Gun owner gets bail in ‘uncle’s murder’ case
He had lent weapon thinking it would be used to shoot birds
A person who had lent his gun to a friend’s friend, in the belief that it will be used for shooting birds, has become an accused in a murder case. After spending two months in jail, he has been granted bail after he submitted to the court, his side of the story.
Nithyanandan is the gun owner and Hanumantharayappa, a retired school teacher, his friend, who borrowed it from him and gave it to one Ravi Kumar Gowda. Nithyanandan was allegedly under the impression that Gowda wanted to shoot some birds in the village with the gun.
The police case is that 41-year-old Muddu Krishnappa, a financier, was shot dead on October 13 this year, while travelling on a bike in Doddaballapur. His nephew, Ravi Kumar Gowda, is the main accused, who allegedly shot his uncle dead as the latter refused to partition the family’s ancestral property. There are eight other accused in the case and police have seized two guns; one a single barrel muzzle loading gun and the second, a smooth-bore breech loading gun.
Apart from Nithyanandan BH, and Hanumantharayappa aka Kurudu Meshtru, the other accused are Ramanjinappa, MS Jagadish, Varadaraju, N Outtachaar, L Srinivas, GR Krishnappa and G Bommasandra.
Nithyananda and Bommasandra are the owners of the two guns. Hanumantharayappa allegedly helped Gowda get the second gun from Nithyanandan. After the shootout, Gowda himself shifted his uncle to hospital, where he died.
Nithyanandan is now accused number five and Hanumantharayappa accused number four in the case where the crimes alleged include murder and under the Arms Act. Nithyanandan’s advocate argued before the HC that he had a licence for the gun and he had given it without live cartridges thinking it would be used to scare birds.
The HC noted that there is no material against Nithyananda about his participation in the firing at the deceased and committing his murder.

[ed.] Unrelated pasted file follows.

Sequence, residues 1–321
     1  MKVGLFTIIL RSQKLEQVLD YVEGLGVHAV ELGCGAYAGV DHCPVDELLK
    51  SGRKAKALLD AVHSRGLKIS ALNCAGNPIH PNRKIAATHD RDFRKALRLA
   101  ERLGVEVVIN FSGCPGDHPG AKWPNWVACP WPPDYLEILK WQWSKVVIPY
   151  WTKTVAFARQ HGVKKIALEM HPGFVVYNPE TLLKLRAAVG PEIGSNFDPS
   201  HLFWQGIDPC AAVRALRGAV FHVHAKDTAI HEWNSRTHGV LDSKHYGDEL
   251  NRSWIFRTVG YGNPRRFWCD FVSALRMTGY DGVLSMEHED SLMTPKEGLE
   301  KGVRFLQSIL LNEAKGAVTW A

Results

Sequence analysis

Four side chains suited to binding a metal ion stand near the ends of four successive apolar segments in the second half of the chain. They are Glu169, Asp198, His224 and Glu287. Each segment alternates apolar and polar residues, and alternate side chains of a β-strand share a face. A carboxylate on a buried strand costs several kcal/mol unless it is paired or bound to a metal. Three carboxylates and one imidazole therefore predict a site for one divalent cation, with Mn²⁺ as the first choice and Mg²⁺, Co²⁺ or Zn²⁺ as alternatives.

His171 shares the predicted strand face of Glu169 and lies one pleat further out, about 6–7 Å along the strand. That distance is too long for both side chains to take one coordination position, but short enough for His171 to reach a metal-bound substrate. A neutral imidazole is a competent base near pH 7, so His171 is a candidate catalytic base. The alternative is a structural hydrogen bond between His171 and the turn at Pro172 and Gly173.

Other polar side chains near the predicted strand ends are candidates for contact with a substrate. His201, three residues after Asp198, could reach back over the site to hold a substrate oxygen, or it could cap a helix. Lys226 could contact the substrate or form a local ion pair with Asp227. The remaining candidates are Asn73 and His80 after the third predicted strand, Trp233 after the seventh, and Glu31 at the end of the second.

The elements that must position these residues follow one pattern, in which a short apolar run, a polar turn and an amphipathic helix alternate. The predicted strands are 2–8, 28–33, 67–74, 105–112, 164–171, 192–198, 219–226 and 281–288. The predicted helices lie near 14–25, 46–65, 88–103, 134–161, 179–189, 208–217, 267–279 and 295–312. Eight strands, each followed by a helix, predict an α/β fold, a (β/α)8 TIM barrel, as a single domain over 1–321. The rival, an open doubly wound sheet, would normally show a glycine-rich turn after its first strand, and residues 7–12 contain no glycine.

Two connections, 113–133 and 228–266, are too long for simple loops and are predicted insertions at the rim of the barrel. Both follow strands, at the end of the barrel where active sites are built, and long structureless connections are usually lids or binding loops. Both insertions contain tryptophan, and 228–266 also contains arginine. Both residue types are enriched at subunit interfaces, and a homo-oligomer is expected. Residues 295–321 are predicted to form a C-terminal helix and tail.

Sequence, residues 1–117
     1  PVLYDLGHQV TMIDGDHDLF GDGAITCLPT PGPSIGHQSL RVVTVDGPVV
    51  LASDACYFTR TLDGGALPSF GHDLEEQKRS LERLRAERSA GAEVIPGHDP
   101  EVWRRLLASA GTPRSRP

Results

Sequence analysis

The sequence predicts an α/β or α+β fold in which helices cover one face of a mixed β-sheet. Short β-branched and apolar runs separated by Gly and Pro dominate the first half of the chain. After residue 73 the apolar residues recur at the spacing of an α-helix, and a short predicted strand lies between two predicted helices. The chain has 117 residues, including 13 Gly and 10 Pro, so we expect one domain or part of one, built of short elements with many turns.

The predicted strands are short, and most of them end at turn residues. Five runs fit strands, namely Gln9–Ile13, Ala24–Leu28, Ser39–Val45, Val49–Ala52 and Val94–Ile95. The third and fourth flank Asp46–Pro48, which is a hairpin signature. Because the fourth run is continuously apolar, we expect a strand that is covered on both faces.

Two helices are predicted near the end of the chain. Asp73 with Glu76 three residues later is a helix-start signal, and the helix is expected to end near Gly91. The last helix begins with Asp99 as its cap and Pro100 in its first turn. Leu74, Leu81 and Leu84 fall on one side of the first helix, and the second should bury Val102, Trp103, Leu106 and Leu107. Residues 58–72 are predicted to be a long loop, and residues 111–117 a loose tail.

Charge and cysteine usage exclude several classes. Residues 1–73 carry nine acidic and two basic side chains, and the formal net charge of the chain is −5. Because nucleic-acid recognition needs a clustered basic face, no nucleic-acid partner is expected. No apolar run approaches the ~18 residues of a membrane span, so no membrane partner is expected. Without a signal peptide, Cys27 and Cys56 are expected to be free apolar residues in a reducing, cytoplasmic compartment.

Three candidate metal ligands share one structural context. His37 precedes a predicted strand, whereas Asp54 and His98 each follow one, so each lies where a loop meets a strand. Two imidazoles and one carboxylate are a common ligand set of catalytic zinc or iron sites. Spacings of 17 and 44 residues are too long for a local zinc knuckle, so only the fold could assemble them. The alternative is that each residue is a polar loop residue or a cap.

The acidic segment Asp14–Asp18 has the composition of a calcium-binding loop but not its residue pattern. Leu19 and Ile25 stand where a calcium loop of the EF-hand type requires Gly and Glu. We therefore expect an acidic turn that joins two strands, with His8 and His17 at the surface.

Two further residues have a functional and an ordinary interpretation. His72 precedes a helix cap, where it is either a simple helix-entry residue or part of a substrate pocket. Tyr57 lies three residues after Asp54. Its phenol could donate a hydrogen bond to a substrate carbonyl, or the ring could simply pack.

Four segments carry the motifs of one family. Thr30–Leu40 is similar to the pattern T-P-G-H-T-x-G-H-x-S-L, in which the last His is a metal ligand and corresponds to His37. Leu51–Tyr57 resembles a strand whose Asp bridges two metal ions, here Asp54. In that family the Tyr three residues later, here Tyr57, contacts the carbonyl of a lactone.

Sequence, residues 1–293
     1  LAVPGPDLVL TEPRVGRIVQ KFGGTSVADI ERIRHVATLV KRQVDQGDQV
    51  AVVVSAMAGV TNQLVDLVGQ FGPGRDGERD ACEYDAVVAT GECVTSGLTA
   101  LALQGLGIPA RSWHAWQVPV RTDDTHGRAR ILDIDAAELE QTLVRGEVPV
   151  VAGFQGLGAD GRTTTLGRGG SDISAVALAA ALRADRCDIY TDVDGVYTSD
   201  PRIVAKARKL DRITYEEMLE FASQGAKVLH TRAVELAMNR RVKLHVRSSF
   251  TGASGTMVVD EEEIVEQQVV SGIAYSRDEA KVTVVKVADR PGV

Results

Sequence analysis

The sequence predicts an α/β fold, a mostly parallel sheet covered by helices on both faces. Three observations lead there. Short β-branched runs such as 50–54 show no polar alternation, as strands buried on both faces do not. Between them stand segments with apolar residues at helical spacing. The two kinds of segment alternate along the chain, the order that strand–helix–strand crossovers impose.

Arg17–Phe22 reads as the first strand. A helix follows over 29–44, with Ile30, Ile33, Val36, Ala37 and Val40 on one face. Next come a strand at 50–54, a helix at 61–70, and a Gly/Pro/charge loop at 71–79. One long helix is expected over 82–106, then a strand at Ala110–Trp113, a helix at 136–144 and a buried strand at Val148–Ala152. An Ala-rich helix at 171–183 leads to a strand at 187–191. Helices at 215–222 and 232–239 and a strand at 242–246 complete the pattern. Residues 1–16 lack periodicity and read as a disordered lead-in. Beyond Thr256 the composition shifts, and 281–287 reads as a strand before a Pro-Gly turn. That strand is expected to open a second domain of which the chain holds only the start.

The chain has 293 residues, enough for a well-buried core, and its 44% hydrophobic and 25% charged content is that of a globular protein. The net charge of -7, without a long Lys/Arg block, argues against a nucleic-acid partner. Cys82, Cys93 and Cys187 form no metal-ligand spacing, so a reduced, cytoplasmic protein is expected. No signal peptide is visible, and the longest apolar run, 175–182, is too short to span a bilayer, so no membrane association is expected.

The same went forConsidering that both these accused promised to abide by any conditions imposed on them for bail, the HC granted them bail last week.
Amar Alva’s murder accused walks free
Ashok Shetty was booked under TADA for the sensational 1992 murder; HC has quashed the case against him
The sensational murder of Amar Alva (in pic), a Mangaluru strongman, in 1992 changed the course of the underworld in Karnataka. However, there is nothing the police and prosecution can be proud of as the case against the last of the seven accused, Ashok Shetty, has been quashed by the High Court. This comes four months after the case against another accused, Udaya Shetty, was quashed. All seven accused are now free.
Ashok Shetty is the fifth of the seven accused in the murder of Amar Alva. Shetty was booked under various sections of the IPC Arms Act and the Terrorist and Disruptive Activities (Prevention) Act, better known as TADA. Ashok Shetty along with the other accused Udaya Shetty were absconding and the case against them was split up.
The other five accused in the case were acquitted by the trial court in 1996. The case against Udaya Shetty was also quashed earlier this year. The case against the accused was that they were hiding in Goa after looting Rs 6 lakh in Udupi in 1991. Amar Alva was shadowing them and fearing him they decided to eliminate him. Ashok Shetty who was in Dubai was contacted by the other accused to help them kill Alva.
Alva was shot dead on July 14, 1992, in front of Super Bazar near Milagres Church, Mangaluru. Manjunath Shetty, Vijaya Nayak, Kedarnath Shetty, Ramesh Bhat, Sachith Kumar, Sudarshan, Jagannath Shetty and Balakrishna Rai, who were with Alva at that time were injured in the shootout.
The High Court in its recent judgment quashing the case against Ashok Shetty said, “The main accused are accused Nos. 1 to 3 and they are already acquitted by the Court. Therefore, in my opinion when there is no separate and distinct allegations and the prosecution already put in evidence against accused Nos. 1 to 3 and others, perhaps the prosecution may not have separate evidence against this petitioner also.”
The HC cited earlier judgments where cases against coaccused were quashed after the main accused were acquitted, saying “In such circumstances it will be an exercise in futility to make the petitioner to undergo the ordeal of crime, and then to be acquitted. Holding that the proceeding against the accused person who was absconding and subsequently against whom a split up charge sheet was filed was quashed.”
Quashing the case against Ashok Shetty, the HC said, “In view of the above said facts and circumstances and the law laid down for above said case, it is just and necessary to quash the entire proceedings against this petitioner as the petitioner also stand on the same footing as that of accused No. 6 (Udaya Shetty)”.